Bootnote: I've never been one to partake of the evil weed, myself.  But I'm told that today isn't just Hitler's birthday, it's also a holiday.  Of sorts.  The kids tell me that.  I'd tell them to get off of my lawn, but there's grass involved ...

UPDATE 4/20/2018 17:18: I see it's not just me:

Blogroll update

A long time buddy has started a blog, Minds Of A Feather.  Blogrolled.  Go check him out.

The Latest Sanctuary County

Effingham County Illinois has become the latest sanctuary in the nationwide movement of local governments standing up to State and federal governments and refusing to enforce laws that the locals think are wrong or unconstitutional.

By an 8-1 vote, the Effingham County Council voted to declare their county a sanctuary for gun owners and to direct county employees to not enforce any gun control laws that they felt violated the 2nd Amendment.

“The best we can hope for concerning the people at large is that they be properly armed.”
--Alexander Hamilton

Thursday, April 19, 2018

Man with a knife, hollering "Allahu Akbar" drives into a crowd of bikers

Hilarity Exactly what you'd expect breaks out:
On Saturday almost 1,500 motorcyclists gathered in Aix-en-Provence in the Provence-Alpes-Côte d’Azur region, protesting against the speed limit of 80 kmh [50mph]. Around 5 pm one of the drivers, irritated by the blockage of the road by the demonstration, couldn’t stand it any more and, swinging a knife through the open window, he plowed his car into the rallying motorcyclists. Some of the witnesses testified that he was shouting “Allahu Akhbar”.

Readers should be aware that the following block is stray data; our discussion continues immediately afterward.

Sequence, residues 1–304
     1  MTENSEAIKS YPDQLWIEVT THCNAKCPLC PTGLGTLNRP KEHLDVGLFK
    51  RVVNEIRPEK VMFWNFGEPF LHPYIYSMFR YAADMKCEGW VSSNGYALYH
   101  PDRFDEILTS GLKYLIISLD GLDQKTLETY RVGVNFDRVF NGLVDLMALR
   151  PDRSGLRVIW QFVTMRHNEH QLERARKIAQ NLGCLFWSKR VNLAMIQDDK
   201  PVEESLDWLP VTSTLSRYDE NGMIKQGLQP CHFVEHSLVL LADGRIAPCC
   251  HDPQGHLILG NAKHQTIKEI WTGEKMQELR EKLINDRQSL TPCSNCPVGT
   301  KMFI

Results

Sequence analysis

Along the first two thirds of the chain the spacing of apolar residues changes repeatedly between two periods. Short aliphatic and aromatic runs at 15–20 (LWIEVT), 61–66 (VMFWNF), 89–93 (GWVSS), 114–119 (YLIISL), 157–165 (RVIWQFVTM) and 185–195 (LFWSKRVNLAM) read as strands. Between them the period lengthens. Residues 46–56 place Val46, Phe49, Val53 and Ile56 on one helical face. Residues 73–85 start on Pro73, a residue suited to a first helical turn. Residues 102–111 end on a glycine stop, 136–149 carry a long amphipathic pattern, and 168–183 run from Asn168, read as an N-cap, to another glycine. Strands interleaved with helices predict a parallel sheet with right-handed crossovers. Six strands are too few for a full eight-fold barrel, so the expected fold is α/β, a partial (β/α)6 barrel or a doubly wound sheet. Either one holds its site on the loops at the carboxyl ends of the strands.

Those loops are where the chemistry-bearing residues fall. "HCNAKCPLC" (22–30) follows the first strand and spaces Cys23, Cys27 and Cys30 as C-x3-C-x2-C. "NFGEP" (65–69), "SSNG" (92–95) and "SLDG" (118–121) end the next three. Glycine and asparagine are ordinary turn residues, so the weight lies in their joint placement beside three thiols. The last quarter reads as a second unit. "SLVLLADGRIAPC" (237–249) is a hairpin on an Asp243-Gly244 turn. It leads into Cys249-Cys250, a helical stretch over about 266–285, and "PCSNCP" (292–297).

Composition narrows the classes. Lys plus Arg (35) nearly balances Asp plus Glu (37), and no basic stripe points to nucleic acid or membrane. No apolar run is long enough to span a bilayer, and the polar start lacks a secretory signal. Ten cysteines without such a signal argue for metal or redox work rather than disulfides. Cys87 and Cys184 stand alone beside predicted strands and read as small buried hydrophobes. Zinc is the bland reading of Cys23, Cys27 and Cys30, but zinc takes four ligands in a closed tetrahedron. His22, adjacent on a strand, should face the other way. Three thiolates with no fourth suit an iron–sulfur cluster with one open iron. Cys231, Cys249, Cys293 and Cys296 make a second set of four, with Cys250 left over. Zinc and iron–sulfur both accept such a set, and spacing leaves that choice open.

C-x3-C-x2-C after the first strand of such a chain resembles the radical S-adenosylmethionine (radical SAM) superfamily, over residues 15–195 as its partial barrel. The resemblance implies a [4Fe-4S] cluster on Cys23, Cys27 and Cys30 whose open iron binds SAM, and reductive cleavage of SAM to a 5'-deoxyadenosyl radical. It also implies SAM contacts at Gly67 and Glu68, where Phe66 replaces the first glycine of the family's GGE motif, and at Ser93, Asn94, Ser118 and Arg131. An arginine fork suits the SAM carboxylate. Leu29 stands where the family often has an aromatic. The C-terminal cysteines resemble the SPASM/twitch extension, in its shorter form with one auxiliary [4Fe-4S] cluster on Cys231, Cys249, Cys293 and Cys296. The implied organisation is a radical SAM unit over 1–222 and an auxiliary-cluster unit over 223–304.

Ah, France.  Blocking roads has become an art form.  Or an entertainment.  Or both.
Two of the motorcyclists were wounded: one in the hand and the other in the arm. Both were hospitalized. However, the angry crowd turned on the car, and with the help of helmets and rocks they began to destroy it. The driver and the passengers, however, managed to break free and avoid lynching.
It may be France, but these are bikers.  Click through to enjoy the video of, well, bikers reacting exactly how you think they'd react.  I'm actually surprised at how many of them used their helmets to hammer the car - good helmets aren't cheap, and once you give it a thwack like that, it's off to the Helmet Shoppe for you.